I've written many times before about theaters and why they still remain important in this increasingly digital age. I've written many times about the increase in streaming and how that could potentially lead to the decline of movie theaters as the norm. I've written many times about that happening sometime in the future. However, the decline of the cinemas may be happening sooner than we think.
It would be an understatement to say things have hard since the outbreak of the Coronavirus. People are forced to stay separated from family and friends, unessential businesses are temporarily closed, millions have lost their jobs, and thousands have died from the disease. It's safe to say that this disease will have long term effects even after it's gone and one of those effects might be the film industry.
The film industry has had to react quickly to this fast moving pandemic and had to postpone or outright cancel several releases. To compensate for the loss of theater revenue, many film companies have put films that were meant to be released in theaters on digital streaming services early. For example the Pixar movie "Onward" was released in theaters only a few weeks before the spread of the virus and didn't make much at the box office as a result. This forced Disney to release the film on their streaming service Disney Plus a month later.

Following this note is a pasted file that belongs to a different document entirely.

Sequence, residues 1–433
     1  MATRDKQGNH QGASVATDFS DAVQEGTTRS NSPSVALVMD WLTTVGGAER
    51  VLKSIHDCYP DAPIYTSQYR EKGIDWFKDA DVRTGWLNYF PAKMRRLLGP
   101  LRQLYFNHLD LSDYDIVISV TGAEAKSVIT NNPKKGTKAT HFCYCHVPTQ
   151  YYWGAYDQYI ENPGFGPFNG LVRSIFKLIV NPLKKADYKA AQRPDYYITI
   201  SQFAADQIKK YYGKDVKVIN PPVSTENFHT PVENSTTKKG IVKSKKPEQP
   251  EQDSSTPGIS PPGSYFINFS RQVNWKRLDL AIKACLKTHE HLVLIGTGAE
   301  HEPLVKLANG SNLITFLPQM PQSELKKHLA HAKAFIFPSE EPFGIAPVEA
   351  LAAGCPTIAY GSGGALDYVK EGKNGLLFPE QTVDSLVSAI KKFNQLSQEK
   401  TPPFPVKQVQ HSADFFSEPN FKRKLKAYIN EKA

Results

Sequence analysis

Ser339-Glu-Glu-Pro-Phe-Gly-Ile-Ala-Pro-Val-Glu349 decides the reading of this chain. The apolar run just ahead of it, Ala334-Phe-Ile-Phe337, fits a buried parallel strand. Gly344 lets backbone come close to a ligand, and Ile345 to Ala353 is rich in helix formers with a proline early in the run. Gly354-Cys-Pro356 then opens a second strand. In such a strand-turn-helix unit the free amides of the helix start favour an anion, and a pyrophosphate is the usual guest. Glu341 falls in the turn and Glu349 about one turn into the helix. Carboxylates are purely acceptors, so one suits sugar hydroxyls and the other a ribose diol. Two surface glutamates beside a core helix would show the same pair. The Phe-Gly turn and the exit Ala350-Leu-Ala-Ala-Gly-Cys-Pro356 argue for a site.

Similarly films that were supposed to be released this month, such as the Dreamworks movie "Trolls: World Tour", have gone straight to Video-on-Demand to make up the lost revenue during this crisis. The film industry has turned to streaming to save it during this hard time. However, this could signal the beginning of the decline of theaters.
There are still big blockbuster movies that people will be willing to go to the theaters to see, like superhero films or Star Wars films, but the rest of Hollywood's film output might be viewing Video-on-Demand and streaming as safer and more profitable options. Films that release on streaming sites don't have to spend money on distributing to theaters. This could lead to mid and low budget films avoiding theaters altogether.
This could lead to drastic changes when it comes to theaters. While theaters make big profits off of big movies they can't solely rely on them to make enough of a profit to keep all of their theaters open. If theaters lose the business given by mid and low budget movies they would have to close quite a few theaters and lay off many workers. This would also possibly destroy many independent theaters that don't have the budget to screen big budget films and rely on the mid to low budgeted ones.
While it's too early to say what the future holds in store for theaters, the boost streaming services are receiving during this crisis has shown that the straight to Video-on-Demand model has an growing future. We all predicted the day where streaming overtook theatrical distribution as the standard model of release for Hollywood, but that day looks a lot closer than we would have thought.